We now have some real indications that the fiscal 2013 budget plan proposed by House Budget Committee Chairman Paul Ryan is going to be as much a political albatross as a plus for Republicans.
The first real proof came yesterday when two Republicans members of Ryan's committee --Justin Amash (MI) and Tim Huelskamp (KY) -- voted against the plan because it wasn't conservative enough. According to Ezra Klein, a third budget committee Republican -- Mick Mulvaney (SC) -- voted for it in committee, but may vote against in on the House floor. As Ezra also notes, the uber anti-spending Club for Growth is also very unhappy with the Ryan plan because it doesn't spending fast enough.
The Ryan plan eventually was approved, but the vote was by a razor-thin 19-18. That hardly shows a lot of political confidence in a plan proposed by someone who only months ago some Republican leaders were trying to convince to run for president.
The GOP defections in the budget committee could spell big trouble for the plan when it's debated by the full House. Unlike what happened with last year's continuing resolutions and debt ceiling increases, it is as certain as anything can be in politics that Democrats will not provide the votes needed to pass the Ryan plan. As a result, the GOP leadership will have to find the votes to pass it solely from the Republican caucus and the vote in committee indicates that's going to be very difficult.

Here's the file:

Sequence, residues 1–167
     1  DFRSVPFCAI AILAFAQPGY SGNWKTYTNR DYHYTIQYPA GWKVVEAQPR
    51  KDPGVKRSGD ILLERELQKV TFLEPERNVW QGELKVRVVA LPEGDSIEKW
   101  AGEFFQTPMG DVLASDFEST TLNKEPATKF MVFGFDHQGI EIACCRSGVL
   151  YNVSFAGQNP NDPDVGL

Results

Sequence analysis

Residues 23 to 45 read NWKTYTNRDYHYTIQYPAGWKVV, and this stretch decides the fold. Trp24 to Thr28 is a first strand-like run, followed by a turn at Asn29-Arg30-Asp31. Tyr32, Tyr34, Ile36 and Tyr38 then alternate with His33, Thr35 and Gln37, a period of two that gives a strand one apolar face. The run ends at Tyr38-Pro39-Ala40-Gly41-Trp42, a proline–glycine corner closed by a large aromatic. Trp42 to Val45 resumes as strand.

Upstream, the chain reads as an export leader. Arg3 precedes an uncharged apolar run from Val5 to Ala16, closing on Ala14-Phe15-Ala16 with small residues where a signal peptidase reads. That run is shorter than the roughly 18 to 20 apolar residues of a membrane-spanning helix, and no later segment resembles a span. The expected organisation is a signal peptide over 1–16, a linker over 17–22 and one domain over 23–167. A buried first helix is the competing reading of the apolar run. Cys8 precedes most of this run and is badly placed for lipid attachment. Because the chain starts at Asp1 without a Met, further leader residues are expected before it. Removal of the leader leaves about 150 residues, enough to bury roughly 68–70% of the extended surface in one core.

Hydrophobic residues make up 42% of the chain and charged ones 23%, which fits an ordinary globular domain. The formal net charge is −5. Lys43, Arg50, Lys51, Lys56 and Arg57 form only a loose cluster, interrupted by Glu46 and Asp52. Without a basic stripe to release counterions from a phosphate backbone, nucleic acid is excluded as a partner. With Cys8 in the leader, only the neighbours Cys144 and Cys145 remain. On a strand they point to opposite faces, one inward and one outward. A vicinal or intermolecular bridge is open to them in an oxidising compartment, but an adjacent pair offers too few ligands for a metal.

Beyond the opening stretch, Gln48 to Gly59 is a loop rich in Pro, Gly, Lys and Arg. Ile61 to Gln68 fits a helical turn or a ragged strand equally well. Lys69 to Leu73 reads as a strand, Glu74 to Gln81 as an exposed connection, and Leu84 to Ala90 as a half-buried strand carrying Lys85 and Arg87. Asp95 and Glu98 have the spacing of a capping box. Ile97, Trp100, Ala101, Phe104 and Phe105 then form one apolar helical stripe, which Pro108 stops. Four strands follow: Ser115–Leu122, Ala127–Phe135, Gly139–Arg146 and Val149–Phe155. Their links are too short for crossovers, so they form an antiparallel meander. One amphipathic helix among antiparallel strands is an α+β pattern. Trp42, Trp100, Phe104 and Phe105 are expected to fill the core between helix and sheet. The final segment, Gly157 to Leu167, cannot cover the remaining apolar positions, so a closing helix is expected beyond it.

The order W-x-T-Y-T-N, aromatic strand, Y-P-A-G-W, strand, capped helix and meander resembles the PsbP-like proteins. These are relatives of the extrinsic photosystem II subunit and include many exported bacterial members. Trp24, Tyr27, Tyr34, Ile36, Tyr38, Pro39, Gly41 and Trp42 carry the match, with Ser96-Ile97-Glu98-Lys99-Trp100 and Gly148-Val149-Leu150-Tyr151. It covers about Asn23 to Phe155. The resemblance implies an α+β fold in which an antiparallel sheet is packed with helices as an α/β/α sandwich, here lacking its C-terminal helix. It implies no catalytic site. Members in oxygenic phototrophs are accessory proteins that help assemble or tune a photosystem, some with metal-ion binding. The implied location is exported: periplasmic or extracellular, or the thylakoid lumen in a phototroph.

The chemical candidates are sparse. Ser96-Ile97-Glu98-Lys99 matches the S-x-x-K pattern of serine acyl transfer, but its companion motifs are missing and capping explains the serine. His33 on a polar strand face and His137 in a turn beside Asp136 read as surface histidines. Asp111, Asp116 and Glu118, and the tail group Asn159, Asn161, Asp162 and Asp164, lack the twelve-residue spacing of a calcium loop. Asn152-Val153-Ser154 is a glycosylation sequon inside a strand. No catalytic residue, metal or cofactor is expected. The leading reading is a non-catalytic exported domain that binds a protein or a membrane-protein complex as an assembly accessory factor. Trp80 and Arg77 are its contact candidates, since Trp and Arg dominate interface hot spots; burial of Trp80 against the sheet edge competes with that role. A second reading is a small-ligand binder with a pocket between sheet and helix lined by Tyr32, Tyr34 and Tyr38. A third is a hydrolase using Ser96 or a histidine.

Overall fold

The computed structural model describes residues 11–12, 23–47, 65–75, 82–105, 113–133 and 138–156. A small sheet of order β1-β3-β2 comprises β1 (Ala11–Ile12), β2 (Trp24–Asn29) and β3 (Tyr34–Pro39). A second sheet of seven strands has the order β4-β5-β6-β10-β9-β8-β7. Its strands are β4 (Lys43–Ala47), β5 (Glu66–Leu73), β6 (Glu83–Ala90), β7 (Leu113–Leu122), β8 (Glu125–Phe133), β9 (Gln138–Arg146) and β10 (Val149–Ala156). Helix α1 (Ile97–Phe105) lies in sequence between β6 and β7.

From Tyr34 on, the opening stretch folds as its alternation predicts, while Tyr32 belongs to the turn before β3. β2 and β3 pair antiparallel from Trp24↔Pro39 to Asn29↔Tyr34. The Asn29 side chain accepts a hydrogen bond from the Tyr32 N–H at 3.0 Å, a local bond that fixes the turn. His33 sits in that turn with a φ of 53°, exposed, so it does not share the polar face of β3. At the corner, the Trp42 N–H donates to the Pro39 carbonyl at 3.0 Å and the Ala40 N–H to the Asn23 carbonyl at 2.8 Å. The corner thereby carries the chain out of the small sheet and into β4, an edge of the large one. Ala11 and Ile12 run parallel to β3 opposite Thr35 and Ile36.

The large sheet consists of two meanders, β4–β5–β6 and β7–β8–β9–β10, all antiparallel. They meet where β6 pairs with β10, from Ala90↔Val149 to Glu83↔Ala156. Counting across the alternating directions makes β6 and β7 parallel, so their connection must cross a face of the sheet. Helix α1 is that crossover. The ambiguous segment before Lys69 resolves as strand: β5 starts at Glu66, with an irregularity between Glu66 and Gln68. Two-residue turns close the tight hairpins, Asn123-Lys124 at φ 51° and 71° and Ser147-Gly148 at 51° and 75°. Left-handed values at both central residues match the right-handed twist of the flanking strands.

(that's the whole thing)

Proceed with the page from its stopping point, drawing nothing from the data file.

The Ryan plan also may be in trouble from the more moderate wing of the Republican Party. As John Sides notes over at The Monkey Cage (and thanks for the link to CG&G, John) universal, unqualified, take-it-for-granted support from GOP voters for the spending cuts Ryan is proposing isn't likely to be as forthcoming as the bravado behind the release of the plan would have made anyone think.
Over at his blog at the Washington Post, Jonathan Bernstein (thanks to you too for the link) quoted several "Republican operatives" saying the same thing: The Ryan plan will be a problem for the GOP through the election.
Based on this...It's hard not to wonder how hard the House Republican leadership will try to help Ryan get the budget resolution adopted when it's debated by the House. He could well be on his own.